The effectiveness of COVID-19 vaccination against the risk of SARS-CoV-2 infection, hospitalization, and death wanes progressively over 9 months, but the rate of waning varies according to the type of vaccine, according to research recently published in the Lancet.

Researchers conducted a retrospective, total population cohort study in Sweden, sourcing data for a total of 1,685,948 individuals from Swedish nationwide registers. All individuals immunized with 2 doses of any COVID-19 vaccine (ChAdOx1 nCoV-19, mRNA-1273, or BNT162b2; n = 842,974) and all individuals with a recorded SARS-CoV-2 infection were matched by birth year, sex, and municipality to the same number of nonimmunized individuals. Data from all participants were assessed for 2 outcomes: (1) SARS-CoV-2 infection of any severity from January 12 to October 4, 2021 and (2) severe COVID-19, described as hospitalization for COVID-19 or death from any cause within 30 days of confirmed infection from March 15 to September 28, 2021.

Vaccine effectiveness declined  progressively for all vaccines types during follow-up, but waning occurred at different speeds. For SARS-CoV-2 infection of any severity, the vaccine effectiveness of BNT162b2 diminished progressively over time, from 92% (95% CI, 92-93; P <.001) at 15-30 days, to 47% (95% CI, 39-55; P <.001) at 121-180 days, and to 23% (95% CI, -2 to 41; P =.07) from day 211 onward. Effectiveness declined slightly more slowly for mRNA-1273, which had a vaccine effectiveness of 96% (95% CI, 94-97; P <.001) at 15-30 days and 59% (95% CI, 18-79; P = .012) from day 181 on. Waning also was slightly slower for heterologous ChAdOx1 nCoV-19 plus an mRNA vaccine, for which vaccine effectiveness was 89% (95% CI, 79-94; P <.001) at 15-30 days and 66% (95% CI, 41-80; P <.001) from day 121 on. In contrast, vaccine effectiveness for homologous ChAdOx1 nCoV-19 vaccine was 68% (95% CI, 52-79; P <.001) at 15-30 days, with no demonstrable effectiveness from day 121 onward (95% CI, -19% [-98 to 28]; P =.49). When examining the outcome of severe COVID-19, vaccine effectiveness waned from 89% (95% CI, 82-93; P <.001) at 15-30 days to 64% (95% CI, 44 to 77; P <.001) from day 121 forward.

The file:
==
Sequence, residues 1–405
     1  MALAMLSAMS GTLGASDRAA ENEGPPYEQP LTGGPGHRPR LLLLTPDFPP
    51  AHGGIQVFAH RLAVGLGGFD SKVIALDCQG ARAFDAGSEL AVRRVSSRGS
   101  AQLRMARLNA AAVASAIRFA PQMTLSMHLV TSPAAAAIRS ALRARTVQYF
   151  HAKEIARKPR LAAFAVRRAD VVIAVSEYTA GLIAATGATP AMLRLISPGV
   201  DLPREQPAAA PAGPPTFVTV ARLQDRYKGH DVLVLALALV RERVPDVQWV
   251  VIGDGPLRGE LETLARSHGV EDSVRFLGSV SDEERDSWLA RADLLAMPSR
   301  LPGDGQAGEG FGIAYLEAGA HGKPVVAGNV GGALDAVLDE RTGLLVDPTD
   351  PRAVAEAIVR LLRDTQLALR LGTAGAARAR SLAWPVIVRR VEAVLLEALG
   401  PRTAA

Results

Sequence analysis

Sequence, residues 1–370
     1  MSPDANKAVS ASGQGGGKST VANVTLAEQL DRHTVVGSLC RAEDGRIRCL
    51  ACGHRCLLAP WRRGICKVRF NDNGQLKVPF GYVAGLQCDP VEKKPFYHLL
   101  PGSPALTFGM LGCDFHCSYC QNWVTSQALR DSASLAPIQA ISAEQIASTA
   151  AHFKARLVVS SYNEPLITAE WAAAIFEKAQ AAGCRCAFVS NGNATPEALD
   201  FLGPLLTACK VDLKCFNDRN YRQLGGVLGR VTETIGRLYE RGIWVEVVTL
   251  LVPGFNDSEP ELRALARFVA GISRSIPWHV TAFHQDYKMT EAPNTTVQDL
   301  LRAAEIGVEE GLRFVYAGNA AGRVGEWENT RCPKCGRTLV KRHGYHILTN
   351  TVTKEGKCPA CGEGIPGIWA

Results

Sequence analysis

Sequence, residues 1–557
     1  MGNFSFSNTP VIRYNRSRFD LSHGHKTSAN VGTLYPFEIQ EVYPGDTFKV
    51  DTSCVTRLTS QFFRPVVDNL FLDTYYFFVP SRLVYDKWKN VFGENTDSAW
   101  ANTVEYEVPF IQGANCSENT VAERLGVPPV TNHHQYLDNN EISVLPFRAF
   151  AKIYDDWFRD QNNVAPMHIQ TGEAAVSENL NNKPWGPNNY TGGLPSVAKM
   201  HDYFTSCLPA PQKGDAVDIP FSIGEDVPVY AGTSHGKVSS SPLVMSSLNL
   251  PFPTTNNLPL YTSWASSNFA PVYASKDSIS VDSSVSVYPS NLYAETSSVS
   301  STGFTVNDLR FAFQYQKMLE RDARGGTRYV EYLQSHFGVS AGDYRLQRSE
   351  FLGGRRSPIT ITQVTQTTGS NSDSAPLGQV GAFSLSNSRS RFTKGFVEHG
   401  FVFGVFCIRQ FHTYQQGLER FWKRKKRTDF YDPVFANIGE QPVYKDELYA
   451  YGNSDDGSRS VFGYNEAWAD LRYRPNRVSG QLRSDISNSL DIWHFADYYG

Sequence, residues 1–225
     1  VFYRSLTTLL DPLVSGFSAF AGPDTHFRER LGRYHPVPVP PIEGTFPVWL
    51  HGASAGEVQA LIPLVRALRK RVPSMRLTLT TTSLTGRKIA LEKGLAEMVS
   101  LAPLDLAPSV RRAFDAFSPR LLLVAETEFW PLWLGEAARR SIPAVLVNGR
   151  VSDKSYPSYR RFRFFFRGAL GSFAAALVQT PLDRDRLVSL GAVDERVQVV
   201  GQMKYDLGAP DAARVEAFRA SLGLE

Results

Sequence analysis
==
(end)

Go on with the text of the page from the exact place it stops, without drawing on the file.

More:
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Generally, some evidence showed lower vaccine effectiveness in men than in women and in older individuals than in younger ones. No detectable vaccine effectiveness was observed in men (17%; [95% CI, -13 to 40]; P =.23) from day 181 onward, whereas it endured in women (34%; [95% CI, 22-45]; P <.001). At 61-120 days, vaccine effectiveness waned to 50% (95% CI, 30-64; P <.001) in those 80 years or older.

In sensitivity analyses, the data confirmed declining vaccine effectiveness for SARS-CoV-2 infection of any severity, including the different rate of waning for different vaccine schedules. This analysis also confirmed that vaccine effectiveness upheld better against the outcome of severe COVID-19 than against SARS-CoV-2 infection of any severity, although some waning was seen after 4 months.

The study was limited by the possibility of residual and unmeasured confounding, including a greater risk of selection bias in unvaccinated individuals with longer follow-up time. It also is likely that some participants with a prior asymptomatic infection were included in the analyses.

“The results of our study have important clinical implications, as they strengthen the evidence-based rationale for administration of a third vaccine dose as a booster, especially to specific high-risk populations,” the investigators wrote.

Reference

Nordström P, Ballin M, Nordström A. Risk of infection, hospitalisation, and death up to 9 months after a second dose of COVID-19 vaccine: a retrospective, total population cohort study in Sweden. Lancet. Published online February 4, 2022. doi:10.1016/S0140-6736(22)00089-7

This article originally appeared on Pulmonology Advisor